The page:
Why don't more people snap at the chance to eat crocodile?

Crocodile is a versatile and affordable lean meat that really should make it on to more menus. Try these recipes

07 January 2019 - 00:00 By Toni Jaye Singer and Hilary Biiller
Cornflake-crumbed crocodile strips.
Cornflake-crumbed crocodile strips.
Image: Christo Harvey

When you consider the scale of the world's hunger problems, and that meat is becoming increasingly expensive, it's a shame that crocodile, an affordable, lean protein, fails to make it on to menus. Even more so when you learn that crocodile meat is considered a waste product of the leather industry.

Just because it's a waste product, doesn't mean you can’t eat it. "The leather produced by crocodile farms is mostly exported to be used by high-end luxury brands, who have extremely strict hygiene and quality guidelines. So, luckily, this leads to very clean, healthy meat," says Nerike Uys, who researched the feasibility of crocodile as a meat alternative as part of her degree in food management at Pretoria University.

If croc is safe to eat, why don't more people snap at the chance to do so? It’s the concept of a crocodile being a carnivore that attacks animals and humans that puts people off eating the meat, says Uys.

Get over your squeamishness and you'll discover that crocodile is a versatile ingredient. Uys tells us more and shares inspiring recipes.

What does crocodile meat taste like?

It's low in fat and sodium; it has a fairly bland flavour, which means it carries other flavours well.

Where can you buy it?

 There are no abattoirs or producers that focus on crocodile meat. It is available at most crocodile farms that either produce crocodile leather or market the farms as a tourist attraction. These farms sell crocodile in the form of fillets, kebabs, steaks, patties and more.

What are the best cuts?

The easiest cut to work with is the tail-eye fillet. Crocodile farmers say the jowls are very tender and that the claws are very close to chicken wings.

Crocodile farmers say the jowls are very tender and that the claws are very close to chicken wings

The preferred meat comes from young crocodiles - approximately two years old - that have reached 2m from nose to tail before being slaughtered.

Small crocodiles are sometimes cooked on spit braais for large events, which gives the meat a nice smoky taste.

How should crocodile be cooked?

The more tender cuts of crocodile, such as the tail fillet, are most commonly used. This means quick, dry-heat cooking methods.

Crocodile meat should be served well-done, similar to chicken. Use a meat thermometer to check when it's done: the internal temperature should generally be between 75°C to 85°C.

How much does it cost?

 The average price of crocodile meat is R55/kg.



(Pictured above)

Serves: 6


500g crocodile tail-eye fillet, cut into 20g strips

250ml buttermilk

5ml ground cumin

2.5ml ground coriander

5ml paprika

A grinding of black pepper

2ml dried thyme

5ml dried parsley

Cornflake crumbs:

200g cornflakes

2ml dried origanum

A pinch of cayenne pepper

A pinch garlic powder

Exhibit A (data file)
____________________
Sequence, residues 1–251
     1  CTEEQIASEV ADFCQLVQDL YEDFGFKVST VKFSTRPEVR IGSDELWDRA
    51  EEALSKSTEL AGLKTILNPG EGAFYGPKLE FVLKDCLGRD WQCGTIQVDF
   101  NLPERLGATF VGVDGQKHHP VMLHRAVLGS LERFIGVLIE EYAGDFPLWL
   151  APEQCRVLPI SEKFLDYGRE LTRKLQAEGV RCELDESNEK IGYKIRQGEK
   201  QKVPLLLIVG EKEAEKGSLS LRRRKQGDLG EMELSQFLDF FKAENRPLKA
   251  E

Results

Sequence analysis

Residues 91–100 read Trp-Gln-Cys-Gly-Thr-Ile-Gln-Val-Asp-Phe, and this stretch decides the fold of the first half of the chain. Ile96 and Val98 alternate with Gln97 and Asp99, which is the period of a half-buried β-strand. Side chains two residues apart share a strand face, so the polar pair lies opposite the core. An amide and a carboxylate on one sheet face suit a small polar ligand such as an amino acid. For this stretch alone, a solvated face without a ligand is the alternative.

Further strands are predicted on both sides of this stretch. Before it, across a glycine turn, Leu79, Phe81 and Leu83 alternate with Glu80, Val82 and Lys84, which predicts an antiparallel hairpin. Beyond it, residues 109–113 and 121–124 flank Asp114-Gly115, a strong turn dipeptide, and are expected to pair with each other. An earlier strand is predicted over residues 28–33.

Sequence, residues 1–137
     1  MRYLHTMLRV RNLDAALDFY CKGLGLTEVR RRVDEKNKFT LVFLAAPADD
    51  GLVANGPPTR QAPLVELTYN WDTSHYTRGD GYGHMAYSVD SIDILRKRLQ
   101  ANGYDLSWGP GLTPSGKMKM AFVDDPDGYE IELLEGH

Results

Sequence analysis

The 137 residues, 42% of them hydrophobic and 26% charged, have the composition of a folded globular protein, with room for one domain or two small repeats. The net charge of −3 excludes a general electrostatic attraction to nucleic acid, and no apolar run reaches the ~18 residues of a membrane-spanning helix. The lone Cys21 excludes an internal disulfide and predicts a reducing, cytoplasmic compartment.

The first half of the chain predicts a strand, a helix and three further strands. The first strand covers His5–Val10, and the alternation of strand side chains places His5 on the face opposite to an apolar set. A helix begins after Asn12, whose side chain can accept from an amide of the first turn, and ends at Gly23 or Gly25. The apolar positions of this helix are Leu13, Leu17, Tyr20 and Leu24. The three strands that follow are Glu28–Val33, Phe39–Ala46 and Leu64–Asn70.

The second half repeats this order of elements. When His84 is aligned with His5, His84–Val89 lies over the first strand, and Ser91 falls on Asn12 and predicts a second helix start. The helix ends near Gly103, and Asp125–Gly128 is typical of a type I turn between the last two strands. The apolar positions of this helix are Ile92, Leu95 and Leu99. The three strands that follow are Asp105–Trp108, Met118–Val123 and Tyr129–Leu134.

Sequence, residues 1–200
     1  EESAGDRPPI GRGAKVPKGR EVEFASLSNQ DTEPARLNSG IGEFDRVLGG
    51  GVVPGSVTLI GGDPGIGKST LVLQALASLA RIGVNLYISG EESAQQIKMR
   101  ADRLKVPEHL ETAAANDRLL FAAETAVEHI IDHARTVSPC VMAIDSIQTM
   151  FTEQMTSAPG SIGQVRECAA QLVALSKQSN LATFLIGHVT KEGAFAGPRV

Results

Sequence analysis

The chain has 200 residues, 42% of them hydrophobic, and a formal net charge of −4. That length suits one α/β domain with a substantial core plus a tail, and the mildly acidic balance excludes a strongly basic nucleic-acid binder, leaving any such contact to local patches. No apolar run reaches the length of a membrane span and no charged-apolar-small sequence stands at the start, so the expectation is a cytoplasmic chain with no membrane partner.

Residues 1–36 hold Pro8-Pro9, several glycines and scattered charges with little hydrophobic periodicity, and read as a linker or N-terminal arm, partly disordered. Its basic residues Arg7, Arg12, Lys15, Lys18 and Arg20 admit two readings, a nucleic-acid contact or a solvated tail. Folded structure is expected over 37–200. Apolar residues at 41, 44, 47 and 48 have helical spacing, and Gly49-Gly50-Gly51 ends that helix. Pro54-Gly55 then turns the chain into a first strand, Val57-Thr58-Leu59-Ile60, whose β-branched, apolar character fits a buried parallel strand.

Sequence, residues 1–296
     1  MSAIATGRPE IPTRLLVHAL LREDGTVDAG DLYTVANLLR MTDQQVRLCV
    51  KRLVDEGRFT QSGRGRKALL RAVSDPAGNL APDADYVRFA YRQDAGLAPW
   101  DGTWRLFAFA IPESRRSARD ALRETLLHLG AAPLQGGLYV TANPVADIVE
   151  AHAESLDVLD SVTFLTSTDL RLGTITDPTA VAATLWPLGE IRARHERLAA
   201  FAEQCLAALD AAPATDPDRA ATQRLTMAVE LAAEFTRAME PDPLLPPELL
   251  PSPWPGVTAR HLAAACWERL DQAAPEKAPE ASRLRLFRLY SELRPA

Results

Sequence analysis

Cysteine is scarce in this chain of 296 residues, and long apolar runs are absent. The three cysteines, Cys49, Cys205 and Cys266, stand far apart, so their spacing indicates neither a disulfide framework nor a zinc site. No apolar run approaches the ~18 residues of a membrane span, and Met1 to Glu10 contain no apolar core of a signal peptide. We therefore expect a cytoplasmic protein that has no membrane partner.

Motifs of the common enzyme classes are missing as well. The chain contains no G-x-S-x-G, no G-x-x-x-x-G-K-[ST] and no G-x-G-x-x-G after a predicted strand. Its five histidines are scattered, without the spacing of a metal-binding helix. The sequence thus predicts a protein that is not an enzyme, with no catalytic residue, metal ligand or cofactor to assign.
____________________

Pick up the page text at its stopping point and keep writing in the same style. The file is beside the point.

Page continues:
5ml salt


  1. Place the crocodile strips into a bowl with the buttermilk, cumin, coriander, paprika, pepper, thyme and parsley. Mix to combine. Place in a plastic bag, seal and marinate in the fridge for 24 hours.
  2. Pre-heat the oven to 200°C.
  3. To make the crumbs, place the cornflakes, origanum, cayenne pepper, garlic powder and salt in a food processor. Process the mixture until you have coarse breadcrumbs; pour into a bowl.
  4. Remove the marinated strips from the fridge and pour into a bowl.
  5. Crumb the strips in the cornflake crumbs and place on a baking sheet.
  6. Bake for 20 minutes, turning half way through the cooking time.
Rooibos-smoked crocodile kebabs.
Rooibos-smoked crocodile kebabs.
Image: Christo Harvey


Makes: 4


550g crocodile tail-eye fillet

50ml soy sauce

130ml honey

50g fresh ginger, grated

1 clove of garlic, crushed

50ml orange concentrate

25ml brown sugar

1 lime Salt and freshly ground black pepper


250ml sherry

1 red onion, sliced

250ml red wine

120ml rice wine vinegar

To smoke the crocodile:

10 bags of rooibos tea

250ml jasmine rice

80ml brown sugar


  1. Cut the crocodile into pieces and thread onto skewers.
  2. Mix together the soya sauce, water, honey, ginger, garlic, orange concentrate and brown sugar. Add the juice of the lemon, reserving the rind, to create a marinade. Season with salt and pepper to taste.
  3. Place the crocodile kebabs, marinade and lemon rind in a plastic bag. Seal and marinate for an hour in the fridge.
  4. Meanwhile make the sauce: place the sherry, red onion, wine and vinegar in a pot. Bring to the boil, then let it simmer and reduce for about an hour, until the sauce is thick.
  5. Remove the crocodile kebabs from the marinade.
  6. Use aluminium foil to line a pot and cover the lid. Cover a ramekin and plate that'll fit inside the pot in foil too.
  7. To smoke the kebabs, remove the rooibos tea from the tea bags. Place the tea leaves, rice and sugar in the pot. Place the ramekin in the pot and balance the plate on top. Put the crocodile kebabs on the plate and cover with the lid. Place the pot on the stove over a low heat and allow to smoke for 7 minutes.
  8. Transfer the crocodile kebabs on a baking tray and bake at 180°C for 12 minutes, depending on thickness, or until cooked through. Serve with the sauce.